BWW Review: PIPPIN Does Its Magic at the Skylight Music Theatre

BWW Review: PIPPIN Does Its Magic at the Skylight Music Theatre

Lights flood the scene and the curtain is flung aloft as the ensemble bends and stretches, turning the Cabot stage into a pre-show rehearsal hall. Even before the music starts, we're shown this is a break-the-fourth-wall kind of production; a play within a play. In Pippin's opening number, the Leading Player - a literal ring leader - invites us to join her acting troupe for an hour or two and gives us a preview of the plot about to unfold: Intrigue, humor, romance, illusion, battles, and lots of "magic to do."

To sum up, Pippin tells the story of a young prince in search of a meaningful life. Upon leaving university, he searches for that meaning by dabbling in war, lust, and common work, always believing himself to be extraordinary, and therefore destined for something more fulfilling than these empty pursuits.

This search for significance makes for a story that holds up across the decades. Pippin is a child of the 70s, having brought home five Tony awards in 1973. A sort of flower-power influence is felt throughout the show, in certain tones and melodies. Yet the themes are timeless and relatable, with the score ever a mix of foot-tapping and heart-lifting.

What the Skylight brings to Stephen Schwartz's already glorious music and lyrics is a cast and creative team brimming with sheer brilliance. As the titular Pippin, Lucas Pastrana shines. More than stirring vocals both sweet and soaring, he also boasts the acting chops, lending a youthful sense of wonder to the soul-searching Pippin. Commanding the stage from show-stoppers to tender ballads, Pastrana indeed finds his "corner of the sky" - and that corner is one of rising star and certified leading man.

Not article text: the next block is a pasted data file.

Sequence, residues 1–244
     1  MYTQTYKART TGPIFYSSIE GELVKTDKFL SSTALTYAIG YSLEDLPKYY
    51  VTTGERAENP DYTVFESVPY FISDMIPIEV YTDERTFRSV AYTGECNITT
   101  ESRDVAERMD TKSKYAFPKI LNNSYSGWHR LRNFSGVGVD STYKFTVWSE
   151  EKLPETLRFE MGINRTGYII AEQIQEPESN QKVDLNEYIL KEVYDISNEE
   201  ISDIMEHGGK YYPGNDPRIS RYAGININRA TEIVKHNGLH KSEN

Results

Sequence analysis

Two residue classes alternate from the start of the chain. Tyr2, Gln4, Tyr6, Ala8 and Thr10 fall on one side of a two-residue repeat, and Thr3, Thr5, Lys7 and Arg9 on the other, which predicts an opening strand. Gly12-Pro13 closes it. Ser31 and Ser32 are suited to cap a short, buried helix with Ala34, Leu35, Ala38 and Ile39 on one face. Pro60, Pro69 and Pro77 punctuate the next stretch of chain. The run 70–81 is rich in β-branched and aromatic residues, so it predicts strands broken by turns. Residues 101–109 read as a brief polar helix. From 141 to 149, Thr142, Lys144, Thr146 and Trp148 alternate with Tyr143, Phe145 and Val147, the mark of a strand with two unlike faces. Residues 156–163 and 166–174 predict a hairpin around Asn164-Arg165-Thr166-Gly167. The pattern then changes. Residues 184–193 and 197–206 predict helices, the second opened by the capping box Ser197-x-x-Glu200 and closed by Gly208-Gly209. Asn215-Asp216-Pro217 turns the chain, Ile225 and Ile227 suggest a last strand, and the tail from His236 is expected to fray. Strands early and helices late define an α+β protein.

Krystal Drake's Leading Player pairs perfectly with Pastrana's Pippin. Drake delivers insanely controlled, powerful vocals from the get-go, and her commitment to precision is an asset throughout the show. She gives a undeniably fierce performance, as does the entire ensemble.

Many others in the cast take their turn having a moment in the spotlight. Standouts include the hilarious Todd Denning as Pippin's father, Elaine Parsons Herro as the tap-dancing, lots-of-laughs granny, Kathryn Hausman as the sultry, conniving stepmother, and Natalie Ford as Pippin's love interest, Catherine, her voice sweet and pure as can be.

This cast of characters moves together in marvelous choreography by Christal Wagner. The dancing is quite simply some of the best to grace the the Cabot Theater in recent memory. While the dances and movements are entrancing on the whole, contortionist Ayana Strutz deserves a special mention: she's so crazy-good, it's hard to take your eyes off her.

Scenic Designer Keith Pitts and Lighting Designer Jason Fassl use their talent to round out the splendor on display, as the play between simple sets, light, and shadow add an awe-inspiring depth to the show. Scenes featuring human shadow puppetry are especially remarkable.

In the end, Pippin calls into question the pursuit of glory and "one perfect act." It's the idea of owning one shining, dramatic moment, rather than compromising and settling for what might be considered commonplace. Though Pippin's hopeful message rings clear, this Skylight production compromises on nothing. From cast to choreography to set design, it couldn't be further from commonplace. Pippin is magic through and through - a near-perfect act indeed.

Photo Credit: Ross Zentner

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From This Author Kelsey Lawler

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